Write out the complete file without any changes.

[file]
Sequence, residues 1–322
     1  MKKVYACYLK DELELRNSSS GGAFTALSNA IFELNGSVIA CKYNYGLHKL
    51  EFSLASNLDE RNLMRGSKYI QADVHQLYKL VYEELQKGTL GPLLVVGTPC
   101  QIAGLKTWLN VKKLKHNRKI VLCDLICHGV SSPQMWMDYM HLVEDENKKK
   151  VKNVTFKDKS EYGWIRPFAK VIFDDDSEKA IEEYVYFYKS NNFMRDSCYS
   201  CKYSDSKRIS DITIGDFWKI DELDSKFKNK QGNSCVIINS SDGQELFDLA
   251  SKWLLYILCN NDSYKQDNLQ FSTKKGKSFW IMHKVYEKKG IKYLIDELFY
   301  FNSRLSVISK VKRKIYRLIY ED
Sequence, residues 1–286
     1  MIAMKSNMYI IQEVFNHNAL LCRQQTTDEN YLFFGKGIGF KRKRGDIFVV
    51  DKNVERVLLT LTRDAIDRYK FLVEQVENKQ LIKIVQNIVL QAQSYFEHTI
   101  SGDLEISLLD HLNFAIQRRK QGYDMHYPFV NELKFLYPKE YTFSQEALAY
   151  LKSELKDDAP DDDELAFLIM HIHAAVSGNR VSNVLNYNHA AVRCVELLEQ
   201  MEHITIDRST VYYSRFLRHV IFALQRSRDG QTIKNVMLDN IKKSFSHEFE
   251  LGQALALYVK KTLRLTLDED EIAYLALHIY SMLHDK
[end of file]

Sequence, residues 1–322
     1  MKKVYACYLK DELELRNSSS GGAFTALSNA IFELNGSVIA CKYNYGLHKL
    51  EFSLASNLDE RNLMRGSKYI QADVHQLYKL VYEELQKGTL GPLLVVGTPC
   101  QIAGLKTWLN VKKLKHNRKI VLCDLICHGV SSPQMWMDYM HLVEDENKKK
   151  VKNVTFKDKS EYGWIRPFAK VIFDDDSEKA IEEYVYFYKS NNFMRDSCYS
   201  CKYSDSKRIS DITIGDFWKI DELDSKFKNK QGNSCVIINS SDGQELFDLA
   251  SKWLLYILCN NDSYKQDNLQ FSTKKGKSFW IMHKVYEKKG IKYLIDELFY
   301  FNSRLSVISK VKRKIYRLIY ED
Sequence, residues 1–286
     1  MIAMKSNMYI IQEVFNHNAL LCRQQTTDEN YLFFGKGIGF KRKRGDIFVV
    51  DKNVERVLLT LTRDAIDRYK FLVEQVENKQ LIKIVQNIVL QAQSYFEHTI
   101  SGDLEISLLD HLNFAIQRRK QGYDMHYPFV NELKFLYPKE YTFSQEALAY
   151  LKSELKDDAP DDDELAFLIM HIHAAVSGNR VSNVLNYNHA AVRCVELLEQ
   201  MEHITIDRST VYYSRFLRHV IFALQRSRDG QTIKNVMLDN IKKSFSHEFE
   251  LGQALALYVK KTLRLTLDED EIAYLALHIY SMLHDK